Commentary

Practice Pays When Undertaking Creative Action


 

In last month's issue of

Once the decision to act is made, the success of the creative endeavor will depend on the dexterity of its execution. With 3 seconds left to play, the fate of a team down by one point will differ drastically if the ball falls into the hands of a Michael Jordan versus a basketball wannabe like me. The research reported in our pages represents the dexterous execution of well-formulated experiments that further our knowledge and ultimately lead to treatments and cures of diseases such as Parkinson's disease, epilepsy, and diabetic neuropathy as highlighted at last month's annual meeting of the American Academy of Neurology. Yet, not all research successfully illuminates the questions it was designed to answer, and not all last second shots result in victory.

We differ greatly in our levels of dexterity in the performance of any given task. How can we explain such differences and, in particular, how can we explain the extraordinary dexterity of virtuoso musicians, elite athletes, and Nobel laureate scientists? Do these differences reflect how much of an impact nurture has on nature? Might it simply be that some individuals are just more practiced than others (nurture)? If so, this then begs the question of whether anyone of us could practice to the point of perfection. Or is that we are built differently (nature)? Might biological differences between us facilitate greater dexterity in the fortunate few, and if so, would this translate to all abilities or to just certain domains of skill (such as one of the multiple intelligences proposed by Howard Gardner that were described last month)?

Nurture, nature, and their interplay all contribute. Epigenetic alterations of genetic expression – the influence of nurture on nature – can occur at all levels of our physiology from DNA transcription to behavior: the social structure in which a child is reared, the expression of trigger-sensitive phenotypes, and the plasticity of hard wired neuronal circuits are just a few examples of their interplay (Ann. N.Y. Acad. Sci. 2003;999:451-60).

But, even in the case of a biologically influenced skill, environmental factors must play a role. For example, although just knowing how to play the piano is not sufficient to achieve virtuoso status, it is still a basic requirement even for a biologically determined musical prodigy. Therefore, let us examine nurture more closely.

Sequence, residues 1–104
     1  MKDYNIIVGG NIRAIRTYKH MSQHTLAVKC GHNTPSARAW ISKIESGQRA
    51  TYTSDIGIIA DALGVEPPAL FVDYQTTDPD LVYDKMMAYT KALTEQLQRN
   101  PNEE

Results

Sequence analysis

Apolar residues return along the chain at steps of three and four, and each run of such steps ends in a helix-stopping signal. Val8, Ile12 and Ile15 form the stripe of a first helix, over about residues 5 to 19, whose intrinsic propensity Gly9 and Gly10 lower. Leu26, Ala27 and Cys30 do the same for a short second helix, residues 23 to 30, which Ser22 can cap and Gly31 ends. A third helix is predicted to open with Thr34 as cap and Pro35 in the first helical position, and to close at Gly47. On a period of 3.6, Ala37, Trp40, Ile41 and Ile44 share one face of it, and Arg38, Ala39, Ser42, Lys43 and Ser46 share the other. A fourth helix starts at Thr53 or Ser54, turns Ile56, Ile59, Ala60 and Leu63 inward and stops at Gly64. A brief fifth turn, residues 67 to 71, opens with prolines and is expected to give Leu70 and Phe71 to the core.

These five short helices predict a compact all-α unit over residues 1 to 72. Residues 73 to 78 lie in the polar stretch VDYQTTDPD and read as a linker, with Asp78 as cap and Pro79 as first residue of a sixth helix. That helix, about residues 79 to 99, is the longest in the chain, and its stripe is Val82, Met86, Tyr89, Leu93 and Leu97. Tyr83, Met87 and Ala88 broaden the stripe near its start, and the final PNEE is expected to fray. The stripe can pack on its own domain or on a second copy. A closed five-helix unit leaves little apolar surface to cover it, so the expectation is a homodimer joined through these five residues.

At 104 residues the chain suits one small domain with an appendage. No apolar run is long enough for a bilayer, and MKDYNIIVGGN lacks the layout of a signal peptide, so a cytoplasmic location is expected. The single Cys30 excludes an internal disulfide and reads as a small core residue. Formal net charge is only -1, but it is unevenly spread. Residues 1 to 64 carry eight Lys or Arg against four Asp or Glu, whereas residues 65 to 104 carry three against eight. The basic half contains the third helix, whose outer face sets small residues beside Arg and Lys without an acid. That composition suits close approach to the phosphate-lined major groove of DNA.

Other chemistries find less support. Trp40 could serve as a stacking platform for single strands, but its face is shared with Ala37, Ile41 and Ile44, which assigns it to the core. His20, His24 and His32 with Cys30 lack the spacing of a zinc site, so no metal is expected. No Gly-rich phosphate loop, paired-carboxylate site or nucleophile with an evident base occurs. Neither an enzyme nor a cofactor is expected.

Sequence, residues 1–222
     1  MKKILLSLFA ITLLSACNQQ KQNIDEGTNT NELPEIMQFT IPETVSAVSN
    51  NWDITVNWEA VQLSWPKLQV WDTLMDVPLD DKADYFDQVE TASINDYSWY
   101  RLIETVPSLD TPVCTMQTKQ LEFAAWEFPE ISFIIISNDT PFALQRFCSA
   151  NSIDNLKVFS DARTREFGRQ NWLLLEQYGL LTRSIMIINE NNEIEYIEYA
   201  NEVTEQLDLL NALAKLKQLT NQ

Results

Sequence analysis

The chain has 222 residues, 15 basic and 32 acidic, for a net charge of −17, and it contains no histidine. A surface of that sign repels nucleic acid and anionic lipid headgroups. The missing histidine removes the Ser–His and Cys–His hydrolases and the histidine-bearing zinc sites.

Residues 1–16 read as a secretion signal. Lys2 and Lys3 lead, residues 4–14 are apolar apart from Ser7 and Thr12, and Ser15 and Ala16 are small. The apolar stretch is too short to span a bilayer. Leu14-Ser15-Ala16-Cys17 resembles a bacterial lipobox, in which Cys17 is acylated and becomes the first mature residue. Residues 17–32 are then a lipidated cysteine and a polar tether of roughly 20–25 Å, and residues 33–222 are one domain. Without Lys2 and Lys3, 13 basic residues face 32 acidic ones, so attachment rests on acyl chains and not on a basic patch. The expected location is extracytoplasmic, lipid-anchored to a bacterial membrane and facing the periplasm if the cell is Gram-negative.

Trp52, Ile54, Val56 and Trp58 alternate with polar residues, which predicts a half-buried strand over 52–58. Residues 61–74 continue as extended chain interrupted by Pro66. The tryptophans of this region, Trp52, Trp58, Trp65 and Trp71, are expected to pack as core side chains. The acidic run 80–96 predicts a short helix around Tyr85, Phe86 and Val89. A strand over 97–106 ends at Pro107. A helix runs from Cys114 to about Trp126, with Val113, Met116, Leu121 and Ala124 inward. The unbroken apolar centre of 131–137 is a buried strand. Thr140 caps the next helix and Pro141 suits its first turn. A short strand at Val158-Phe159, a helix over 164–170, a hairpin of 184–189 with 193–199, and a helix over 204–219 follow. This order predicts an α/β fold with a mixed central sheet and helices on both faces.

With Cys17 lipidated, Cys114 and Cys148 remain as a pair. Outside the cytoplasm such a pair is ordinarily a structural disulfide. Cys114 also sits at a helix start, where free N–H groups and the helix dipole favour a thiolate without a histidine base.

Practice is part of everything we call learning and education: school, music lessons, rehearsal for a play, and so on. Learning to read requires a transition from an effortful, letter-by-letter phonetic strategy to a much less effortful whole-word semantic recognition strategy, and we find a similar pattern in learning a new skill. When we first begin to practice a new skill, many details are unfamiliar to us. Before a video gamer can reach the competitive level of the game itself, he must first learn how the controller works. Button A controlled jumps in the last game, but in the new game it controls gunfire. Even the layout of controls differs between PlayStation, Xbox, and Nintendo game systems. Learning how the controller works takes time and, until the controls are mastered, a player cannot be at his potential best. Acquiring any new skill requires overcoming these unfamiliar details during early practice stages so that, early in our practice trials, we pay close attention to these unfamiliar details. This is the attentional stage of skill learning. Attention and organization of the different steps of the skill are mediated by the prefrontal cortex and other regions that comprise the attentional network.

With repetition, these details become increasingly familiar. Later in our practice trials, these details and the skill itself become so familiar that the practiced action is nearly automatic. The transition from the effortful attention to each unfamiliar detail and stitching together of a series of skill fragments into a complete seamless action marks the beginning of the automaticity stage, and it is not until then that we can start down the road to virtuoso levels of skill. Functional brain imaging studies show that activation of prefrontal cortices during the early attentional practice stage diminish as the skill becomes automatic. With increasing task familiarity comes greater task automaticity and increasing performance dexterity (Proc. Natl. Acad. Sci. U.S.A. 1998;95:853-60). By the time we reach the stage of performance automaticity, our performance level plateaus. There are individual differences in how long it takes for a skill to reach the automaticity stage and the level of dexterity achieved by that time (although external rewards can influence this), but most people can reach this stage for most tasks.

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